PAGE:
The Invitation, 2022.
Directed by Jessica M. Thompson.
Starring Nathalie Emmanuel, Thomas Doherty, Stephanie Corneliussen, Alana Boden, Hugh Skinner, Kata Sarbó, Scott Alexander Young, Virág Bárány, Sean Pertwee, Elizabeth Counsell, Courtney Taylor, Jeremy Wheeler, and Carol Ann Crawford.
After her mother’s death, Evie is approached by an unknown cousin who invites her to a lavish wedding in the English countryside. Soon, she realizes a gothic conspiracy is afoot and must fight for survival as she uncovers twisted secrets in her family’s history.
The Invitation is the latest misguided Get Out pale limitation with no rudimentary understanding of why that socially charged narrative was tense, provocative, and poignant. Directed by Jessica M. Thompson, the film centers on working-class woman Evie (Nathalie Emmanuel), who, while still grieving her father and the recent loss of her mother, decides to take a DNA test searching for more ancestors.
The test results bring up a distant cousin eager to meet up. Dismissing the justifiable concerns from her good friend Grace (Courtney Taylor in the designated comic relief Black friend communicating via technology role, which seems to be obligatory for these modern-day vacation getaways-from-hell horror stories), Evie is treated to a fancy dinner and invited to a high-status wedding over at his rich friends’ colossal, Gothic English countryside estate.
Given the creepy statues and paintings (not to mention the pitch-black photography), it’s evident that something is off here. To be fair, a prologue of a woman committing suicide trying to escape has already confirmed that. Nevertheless, Evie falls head over heels for the mansion owner, Walter (Thomas Doherty, who is at least trying to make the most of this material that has him wearing multiple personality masks). Unlike the cruel butler, Walter treats the staff with human dignity and respect, is self-deprecating, aware of his privilege, and not above offering an apology when he makes a mistake. He is also hot, which has Evie further surrendering to his charms (with influence from Grace).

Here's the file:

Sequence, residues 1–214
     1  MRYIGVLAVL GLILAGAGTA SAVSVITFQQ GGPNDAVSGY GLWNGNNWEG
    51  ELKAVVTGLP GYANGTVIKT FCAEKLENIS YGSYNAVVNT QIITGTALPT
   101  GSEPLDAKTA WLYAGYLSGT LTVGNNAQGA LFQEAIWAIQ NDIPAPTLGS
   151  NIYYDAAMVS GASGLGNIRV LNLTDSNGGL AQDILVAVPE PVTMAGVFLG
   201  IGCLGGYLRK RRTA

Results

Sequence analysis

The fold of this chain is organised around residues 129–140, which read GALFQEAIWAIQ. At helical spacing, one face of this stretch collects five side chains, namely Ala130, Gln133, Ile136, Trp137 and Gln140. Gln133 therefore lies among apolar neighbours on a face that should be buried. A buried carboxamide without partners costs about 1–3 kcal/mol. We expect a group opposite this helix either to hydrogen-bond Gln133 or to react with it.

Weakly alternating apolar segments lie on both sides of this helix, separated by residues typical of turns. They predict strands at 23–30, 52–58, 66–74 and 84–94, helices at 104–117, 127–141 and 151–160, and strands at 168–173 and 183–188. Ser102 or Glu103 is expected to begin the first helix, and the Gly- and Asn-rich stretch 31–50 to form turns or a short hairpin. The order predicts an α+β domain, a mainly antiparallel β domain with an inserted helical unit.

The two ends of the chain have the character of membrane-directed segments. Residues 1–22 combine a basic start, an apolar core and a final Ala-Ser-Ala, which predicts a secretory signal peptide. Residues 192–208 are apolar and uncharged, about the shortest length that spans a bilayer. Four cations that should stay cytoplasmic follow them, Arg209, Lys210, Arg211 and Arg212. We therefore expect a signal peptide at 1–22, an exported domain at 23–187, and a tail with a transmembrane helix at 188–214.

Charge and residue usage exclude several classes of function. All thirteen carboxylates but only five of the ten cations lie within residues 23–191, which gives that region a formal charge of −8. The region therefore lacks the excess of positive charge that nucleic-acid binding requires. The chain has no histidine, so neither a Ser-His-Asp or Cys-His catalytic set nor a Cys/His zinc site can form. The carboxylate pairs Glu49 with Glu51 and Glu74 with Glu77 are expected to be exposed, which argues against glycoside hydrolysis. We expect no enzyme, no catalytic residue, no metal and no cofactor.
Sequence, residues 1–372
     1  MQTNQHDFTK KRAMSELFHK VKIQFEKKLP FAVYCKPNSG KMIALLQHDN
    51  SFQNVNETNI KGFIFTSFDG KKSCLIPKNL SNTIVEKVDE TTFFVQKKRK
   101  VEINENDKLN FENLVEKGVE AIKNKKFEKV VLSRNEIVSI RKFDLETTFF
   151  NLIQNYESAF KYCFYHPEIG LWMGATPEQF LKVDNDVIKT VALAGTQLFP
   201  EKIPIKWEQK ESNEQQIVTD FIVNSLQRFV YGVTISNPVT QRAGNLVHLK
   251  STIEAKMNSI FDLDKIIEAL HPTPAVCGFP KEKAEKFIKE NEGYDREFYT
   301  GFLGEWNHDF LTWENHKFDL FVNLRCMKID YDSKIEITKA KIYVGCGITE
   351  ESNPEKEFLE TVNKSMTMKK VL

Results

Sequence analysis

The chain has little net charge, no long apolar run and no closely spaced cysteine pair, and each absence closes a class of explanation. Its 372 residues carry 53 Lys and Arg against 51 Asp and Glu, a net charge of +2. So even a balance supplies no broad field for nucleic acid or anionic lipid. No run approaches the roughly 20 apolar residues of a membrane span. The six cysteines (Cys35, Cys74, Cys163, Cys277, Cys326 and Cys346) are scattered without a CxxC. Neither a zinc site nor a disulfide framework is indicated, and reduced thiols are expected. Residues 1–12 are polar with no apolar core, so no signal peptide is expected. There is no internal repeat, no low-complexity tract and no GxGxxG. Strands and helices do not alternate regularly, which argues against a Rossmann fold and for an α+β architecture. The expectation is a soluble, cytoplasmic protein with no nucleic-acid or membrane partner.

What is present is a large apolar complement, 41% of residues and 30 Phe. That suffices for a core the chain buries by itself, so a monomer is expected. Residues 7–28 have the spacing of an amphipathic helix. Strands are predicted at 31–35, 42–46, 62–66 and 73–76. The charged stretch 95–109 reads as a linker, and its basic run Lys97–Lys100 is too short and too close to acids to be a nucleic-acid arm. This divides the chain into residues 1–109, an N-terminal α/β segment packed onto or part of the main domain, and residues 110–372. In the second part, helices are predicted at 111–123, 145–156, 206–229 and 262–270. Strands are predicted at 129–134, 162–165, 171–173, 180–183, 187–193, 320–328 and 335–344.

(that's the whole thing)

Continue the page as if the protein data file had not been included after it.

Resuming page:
It’s not that The Invitation spends far too much time on this romantic angle that drains it of any life force, but rather how boring and suspense-free it’s executed. A twist on the horizon is all well and good, but if it’s going to be this obvious and come so late in the narrative, there needs to be some sharp social commentary alongside funhouse thrills. The Invitation unequivocally fails to find anything engaging in the falling for one another honeymoon phase. The horror aspect is certainly more entertaining but also unbelievably cheesy for a story that desperately wants to make a memorable class warfare statement.
It should also be said that the below-the-line team has done solid work, crafting exquisitely colorful dresses, an eerie setting, and the occasional appealing visual. The rest of this invitation should be discarded in the trash. Bafflingly, these filmmakers have tried to set up a sequel for The Invitation, and while this movie is nowhere near the disaster some films not screened for critics typically turn out to be, I would rather donate blood than attend a successor. Rescind the invitation.
Flickering Myth Rating – Film: ★ ★ / Movie: ★ ★
Robert Kojder is a member of the Chicago Film Critics Association and the Critics Choice Association. He is also the Flickering Myth Reviews Editor. Check here for new reviews, follow my Twitter or Letterboxd, or email me at [email protected]